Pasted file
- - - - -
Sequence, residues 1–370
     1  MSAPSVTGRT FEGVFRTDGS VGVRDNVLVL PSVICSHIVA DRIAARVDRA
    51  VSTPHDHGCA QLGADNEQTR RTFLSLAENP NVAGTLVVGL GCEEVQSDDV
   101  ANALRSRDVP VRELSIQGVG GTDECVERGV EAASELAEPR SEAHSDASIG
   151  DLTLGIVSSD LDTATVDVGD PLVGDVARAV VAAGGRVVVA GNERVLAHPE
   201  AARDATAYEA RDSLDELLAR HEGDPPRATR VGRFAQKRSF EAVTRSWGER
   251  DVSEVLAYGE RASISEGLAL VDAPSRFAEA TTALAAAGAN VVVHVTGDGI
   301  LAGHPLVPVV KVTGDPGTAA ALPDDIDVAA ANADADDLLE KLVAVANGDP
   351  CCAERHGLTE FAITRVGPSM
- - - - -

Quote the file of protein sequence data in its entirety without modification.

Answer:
Sequence, residues 1–370
     1  MSAPSVTGRT FEGVFRTDGS VGVRDNVLVL PSVICSHIVA DRIAARVDRA
    51  VSTPHDHGCA QLGADNEQTR RTFLSLAENP NVAGTLVVGL GCEEVQSDDV
   101  ANALRSRDVP VRELSIQGVG GTDECVERGV EAASELAEPR SEAHSDASIG
   151  DLTLGIVSSD LDTATVDVGD PLVGDVARAV VAAGGRVVVA GNERVLAHPE
   201  AARDATAYEA RDSLDELLAR HEGDPPRATR VGRFAQKRSF EAVTRSWGER
   251  DVSEVLAYGE RASISEGLAL VDAPSRFAEA TTALAAAGAN VVVHVTGDGI
   301  LAGHPLVPVV KVTGDPGTAA ALPDDIDVAA ANADADDLLE KLVAVANGDP
   351  CCAERHGLTE FAITRVGPSM